61Diaz-Arrastia C, Arany I, Robazetti SC, Dinh TV, Gatalica Z, Tyring SK, et al . Clinical and molecular responses in high-grade intraepithelial neoplasia treated with topical imiquimod 5%. Clin Cancer Res 2001; 7: 3031-3.
62Prusty BK, Das BC. Constitutive activation of transcription factor AP-1 in cervical cancer and suppression of human papillomavirus (HPV) transcription and AP-1 activity in HeLa cells by curcumin. Int J Cancer 2005; 113: 951-60.
63Christensen ND, Reed CA, Cladel NM, Han R, Kreider JW. Immunization with virus- like particles induces long-term protection of rabbits against challenge with cottontail rabbit papillomavirus. J Virol 1996; 70: 960-5.
64Suzich JA, Ghim SJ, Palmer-Hill FJ, White WI, Tamura JK, Bell JA, et al . Systemic immunization with papillomavirus L1 protein completely prevents the development of viral mucosal papillomas. Proc Natl Acad Sci USA 1995; 92: 11553-7.
65Harro CD, Pang YY, Roden RB, Hildesheim A, Wang Z, Reynolds MJ, et al . Safety and immunogenicity trial in adult volunteers of a human papillomavirus 16 L1 virus-like particle vaccine. J Natl Cancer Inst 2001; 93: 284-92.
66Koutsky LA, Ault KA, Wheeler CM, Brown DR, Barr E, Alvarez FB. A controlled trial of a human papillomavirus type 16 vaccine. N Engl J Med 2002; 347: 1645-51.
67Harper DM, Franco EL, Wheeler C, Ferris DG, Jenkins D, Schuind A, et al . Efficacy of a bivalent L1 virus-like particle vaccine in prevention of infection with human papillomavirus types 16 and 18 in young women: A randomized controlled trial. Lancet 2004; 364: 1757-65.
68Palker TJ, Monteiro JM, Martin MM, Kakareka C, Smith JF, Cook JC, et al . Antibody, cytokine and cytotoxic T lymphocyte responses in chimpanzees immunized with human papillomavirus virus-like particles. Vaccine 2001; 19: 3733-43.
69Pinto LA, Edwards J, Castle PE, Harro CD, Lowy DR, Schiller JT, et al . Cellular immune responses to human papillomavirus (HPV)-16 L1 in healthy volunteers immunized with recombinant HPV 16 L1 virus-like particles. J Infect Dis 2003; 188: 327-38.
70DeFilippis RA, Goodwin EC, Wu L, DiMaio D. Endogenous human papillomavirus E6 and E7 proteins differentially regulate proliferation, senescence and apoptosis in HeLa cervical carcinoma cells. J Virol 2003; 77: 1551-63.
71Muderspach L, Wilczynski S, Roman L, Bade L, Felix J, Small LA, et al. A phase I trial of a Human papillomavirus (HPV) peptide vaccine for women with high-grade cervical and vulvar intraepithelial neoplasia who are HPV 16 positive. Clin Cancer Res 2000; 6: 3406-16.
72Zwaveling S, Mota SC, Nouta J, Johnson M, Lipford GB, Offringa R, et al . Established human papillomavirus type 16-expressing tumors are effectively eradicated following vaccination with long peptides. J Immunol 2002; 169: 350-8.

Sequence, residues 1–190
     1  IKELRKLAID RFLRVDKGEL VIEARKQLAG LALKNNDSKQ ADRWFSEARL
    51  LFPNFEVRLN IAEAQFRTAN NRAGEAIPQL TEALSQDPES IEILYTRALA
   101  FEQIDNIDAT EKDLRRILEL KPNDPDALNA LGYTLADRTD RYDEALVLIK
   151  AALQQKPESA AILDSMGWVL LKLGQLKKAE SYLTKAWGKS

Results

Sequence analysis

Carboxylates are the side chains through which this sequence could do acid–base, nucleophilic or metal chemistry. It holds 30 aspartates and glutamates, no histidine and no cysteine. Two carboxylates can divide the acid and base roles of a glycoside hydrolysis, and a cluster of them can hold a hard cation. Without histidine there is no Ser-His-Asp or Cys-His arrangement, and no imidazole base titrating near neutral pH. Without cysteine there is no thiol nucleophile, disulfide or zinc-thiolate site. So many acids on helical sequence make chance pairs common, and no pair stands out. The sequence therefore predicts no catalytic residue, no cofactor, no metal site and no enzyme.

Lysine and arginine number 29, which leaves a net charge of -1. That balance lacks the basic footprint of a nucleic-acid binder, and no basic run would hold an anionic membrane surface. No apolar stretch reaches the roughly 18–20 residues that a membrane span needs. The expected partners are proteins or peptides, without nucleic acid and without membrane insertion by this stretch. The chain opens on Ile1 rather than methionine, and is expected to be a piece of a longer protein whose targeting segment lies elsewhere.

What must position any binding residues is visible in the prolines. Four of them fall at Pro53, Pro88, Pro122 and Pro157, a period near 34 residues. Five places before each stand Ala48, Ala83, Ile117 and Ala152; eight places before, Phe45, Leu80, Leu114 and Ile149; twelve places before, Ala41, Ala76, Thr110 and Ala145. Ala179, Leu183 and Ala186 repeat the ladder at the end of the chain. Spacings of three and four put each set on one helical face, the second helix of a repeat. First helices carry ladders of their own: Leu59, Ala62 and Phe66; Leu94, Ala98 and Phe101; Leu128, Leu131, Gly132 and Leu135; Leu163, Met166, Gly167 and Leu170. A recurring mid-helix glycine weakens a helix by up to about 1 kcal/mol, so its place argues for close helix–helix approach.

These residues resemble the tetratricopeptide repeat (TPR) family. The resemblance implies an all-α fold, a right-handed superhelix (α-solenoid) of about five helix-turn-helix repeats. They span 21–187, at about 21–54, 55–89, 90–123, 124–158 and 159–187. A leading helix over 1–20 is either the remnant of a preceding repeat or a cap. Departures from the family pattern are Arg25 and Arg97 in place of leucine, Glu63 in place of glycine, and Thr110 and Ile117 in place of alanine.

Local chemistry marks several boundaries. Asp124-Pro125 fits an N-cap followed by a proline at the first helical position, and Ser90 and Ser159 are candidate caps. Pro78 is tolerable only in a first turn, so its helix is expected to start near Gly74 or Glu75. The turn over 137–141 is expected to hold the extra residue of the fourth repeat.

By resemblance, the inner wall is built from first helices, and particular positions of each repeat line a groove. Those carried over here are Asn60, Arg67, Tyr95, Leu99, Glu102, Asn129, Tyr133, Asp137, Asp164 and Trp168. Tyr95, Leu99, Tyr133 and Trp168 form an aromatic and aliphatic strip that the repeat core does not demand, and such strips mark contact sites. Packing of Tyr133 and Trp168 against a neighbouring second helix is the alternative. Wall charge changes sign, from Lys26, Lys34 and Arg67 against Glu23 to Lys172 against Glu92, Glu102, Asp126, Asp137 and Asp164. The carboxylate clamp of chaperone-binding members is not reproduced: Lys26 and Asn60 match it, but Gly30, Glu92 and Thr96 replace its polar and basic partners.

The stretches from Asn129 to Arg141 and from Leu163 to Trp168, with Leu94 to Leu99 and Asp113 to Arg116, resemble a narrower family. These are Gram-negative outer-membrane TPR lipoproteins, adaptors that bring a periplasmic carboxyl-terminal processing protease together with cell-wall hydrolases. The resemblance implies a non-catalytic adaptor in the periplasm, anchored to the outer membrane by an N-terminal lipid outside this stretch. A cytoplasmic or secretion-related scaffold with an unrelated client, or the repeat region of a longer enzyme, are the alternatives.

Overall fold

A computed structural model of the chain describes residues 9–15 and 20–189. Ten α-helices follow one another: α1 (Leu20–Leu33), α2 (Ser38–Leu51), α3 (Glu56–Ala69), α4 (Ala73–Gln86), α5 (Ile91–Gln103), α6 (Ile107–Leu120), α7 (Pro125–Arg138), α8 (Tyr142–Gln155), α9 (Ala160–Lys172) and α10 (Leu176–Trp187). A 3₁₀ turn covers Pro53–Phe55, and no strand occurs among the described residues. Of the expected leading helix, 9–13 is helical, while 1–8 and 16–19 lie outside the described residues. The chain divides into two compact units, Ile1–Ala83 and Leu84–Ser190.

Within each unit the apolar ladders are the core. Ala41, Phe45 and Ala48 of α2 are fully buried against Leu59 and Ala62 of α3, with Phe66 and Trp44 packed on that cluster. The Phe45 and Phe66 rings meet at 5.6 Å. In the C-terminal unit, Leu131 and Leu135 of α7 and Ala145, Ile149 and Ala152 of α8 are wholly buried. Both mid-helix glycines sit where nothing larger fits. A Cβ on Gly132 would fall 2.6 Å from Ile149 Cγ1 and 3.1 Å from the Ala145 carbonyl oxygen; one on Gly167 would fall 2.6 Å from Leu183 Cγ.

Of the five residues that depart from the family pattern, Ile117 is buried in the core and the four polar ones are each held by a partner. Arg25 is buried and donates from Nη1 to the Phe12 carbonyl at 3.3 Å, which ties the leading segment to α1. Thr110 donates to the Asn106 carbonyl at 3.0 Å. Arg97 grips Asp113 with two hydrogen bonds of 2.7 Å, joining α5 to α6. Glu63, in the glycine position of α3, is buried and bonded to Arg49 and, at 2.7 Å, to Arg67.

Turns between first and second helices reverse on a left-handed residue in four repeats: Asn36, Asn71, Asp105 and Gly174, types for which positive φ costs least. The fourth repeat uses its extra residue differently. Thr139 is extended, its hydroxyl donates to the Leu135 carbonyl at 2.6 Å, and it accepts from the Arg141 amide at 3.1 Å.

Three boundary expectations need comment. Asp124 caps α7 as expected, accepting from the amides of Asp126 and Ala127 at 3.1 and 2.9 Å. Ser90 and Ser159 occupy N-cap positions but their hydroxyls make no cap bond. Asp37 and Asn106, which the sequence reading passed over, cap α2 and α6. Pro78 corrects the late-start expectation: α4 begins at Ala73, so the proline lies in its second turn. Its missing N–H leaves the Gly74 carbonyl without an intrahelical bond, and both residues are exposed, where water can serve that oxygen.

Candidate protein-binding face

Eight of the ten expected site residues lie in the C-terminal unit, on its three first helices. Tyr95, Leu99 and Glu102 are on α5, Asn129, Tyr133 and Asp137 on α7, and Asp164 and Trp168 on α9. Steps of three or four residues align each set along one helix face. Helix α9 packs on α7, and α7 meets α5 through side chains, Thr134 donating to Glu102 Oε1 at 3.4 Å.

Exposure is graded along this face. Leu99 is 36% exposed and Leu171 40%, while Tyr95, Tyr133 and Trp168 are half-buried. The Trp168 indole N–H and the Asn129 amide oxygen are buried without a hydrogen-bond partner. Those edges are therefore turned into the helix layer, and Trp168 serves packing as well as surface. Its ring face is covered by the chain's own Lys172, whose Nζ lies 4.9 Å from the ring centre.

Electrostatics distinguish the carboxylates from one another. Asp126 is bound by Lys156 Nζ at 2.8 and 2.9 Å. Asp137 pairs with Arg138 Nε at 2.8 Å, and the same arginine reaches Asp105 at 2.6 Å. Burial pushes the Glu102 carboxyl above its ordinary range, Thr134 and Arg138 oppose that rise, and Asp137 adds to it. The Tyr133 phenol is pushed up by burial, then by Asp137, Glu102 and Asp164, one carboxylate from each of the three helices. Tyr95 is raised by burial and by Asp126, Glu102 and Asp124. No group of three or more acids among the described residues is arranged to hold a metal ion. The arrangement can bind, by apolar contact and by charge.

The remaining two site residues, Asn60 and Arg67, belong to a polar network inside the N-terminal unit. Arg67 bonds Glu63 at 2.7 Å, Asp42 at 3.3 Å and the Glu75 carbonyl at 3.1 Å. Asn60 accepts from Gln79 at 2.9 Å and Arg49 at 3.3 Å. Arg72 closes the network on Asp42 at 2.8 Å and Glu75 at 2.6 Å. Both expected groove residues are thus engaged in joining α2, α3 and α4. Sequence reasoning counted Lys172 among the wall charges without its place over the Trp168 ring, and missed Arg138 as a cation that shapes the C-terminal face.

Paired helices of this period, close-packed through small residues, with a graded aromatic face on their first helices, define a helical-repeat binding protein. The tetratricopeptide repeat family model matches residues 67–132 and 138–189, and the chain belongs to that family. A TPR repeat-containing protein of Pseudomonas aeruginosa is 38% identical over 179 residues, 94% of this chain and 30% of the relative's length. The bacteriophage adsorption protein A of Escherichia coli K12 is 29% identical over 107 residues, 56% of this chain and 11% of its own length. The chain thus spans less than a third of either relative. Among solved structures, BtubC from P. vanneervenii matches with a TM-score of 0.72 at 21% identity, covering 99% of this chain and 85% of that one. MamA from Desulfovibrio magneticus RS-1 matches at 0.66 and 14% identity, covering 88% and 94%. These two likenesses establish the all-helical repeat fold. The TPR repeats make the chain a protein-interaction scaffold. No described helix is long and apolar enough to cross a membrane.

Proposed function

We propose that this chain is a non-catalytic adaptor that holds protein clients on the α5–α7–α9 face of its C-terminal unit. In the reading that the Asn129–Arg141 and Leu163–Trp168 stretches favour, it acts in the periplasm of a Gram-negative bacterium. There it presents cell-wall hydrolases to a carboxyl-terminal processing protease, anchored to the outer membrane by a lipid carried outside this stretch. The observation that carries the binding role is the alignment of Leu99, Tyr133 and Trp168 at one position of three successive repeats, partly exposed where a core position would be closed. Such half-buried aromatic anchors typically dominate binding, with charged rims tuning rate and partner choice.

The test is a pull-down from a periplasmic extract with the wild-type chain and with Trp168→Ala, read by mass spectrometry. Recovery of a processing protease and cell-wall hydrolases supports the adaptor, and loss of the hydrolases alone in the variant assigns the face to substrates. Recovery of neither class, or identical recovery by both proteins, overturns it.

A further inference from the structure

73Peng S, Ji H, Trimble C, He L, Tsai YC, Yeatermeyer J, et al . Development of a DNA vaccine targeting human papillomavirus type 16 oncoprotein E6. J Virol 2004; 78: 8468-76.
74Greenstone HL, Nieland JD, DeVisser KE, De Bruijn ML, Kirnbauer R, Roden RB, et al . Chimeric papillomavirus virus-like particles elicit antitumor immunity against the E7 oncoprotein in an HPV 16 tumor model. Proc Natl Acad Sci USA 1998; 95 :1800-5.
75Shanta V, Krishnamurthi S, Gajalakshmi CK, Swaminathan R, Ravichandran K. Epidemiology of cancer of the cervix: Global and national perspective. J Indian Med Assoc 2000; 98: 49-52.
76Sheets EE, Urban RG, Crum CP, Hedley ML, Politch JA, Gold MA, et al . Immunotherapy of human cervical high-grade cervical intraepithelial neoplasia with microparticle-delivered human papillomavirus 16 E7 plasmid DNA. Am J Obstet Gynecol 2003; 188: 916-26.
77Borysiewicz LK, Fiander A, Nimako M, Man S, Wilkinson GW, Westmoreland D, et al . A recombinant vaccinia virus encoding human papillomavirus types 16 and 18, E6 and E7 proteins as immunotherapy for cervical cancer. Lancet 1996; 347: 1523-7.
78Billich A. HPV vaccine MedImmune/ GlaxoSmith Kline. Curr Opin Investig Drugs 2003; 4: 210-3.
79Daemen T, Riezebos-Brilman A, Regts J, Dontje B, van der Zee A, Wilschut J. Superior therapeutic efficacy of alphavirus-mediated immunization against human papilloma virus type 16 antigens in a murine tumour model: Effects of the route of immunization. Antivir Ther 2004; 9: 733-42.
80Brandsma JL, Shlyankevich M, Zhang L, Slade MD, Goodwin EC, Peh W, et al . Vaccination of rabbits with an adenovirus vector expressing the papillomavirus E2 protein leads to clearance of papillomas and infection. J Virol 2004; 78: 116-23.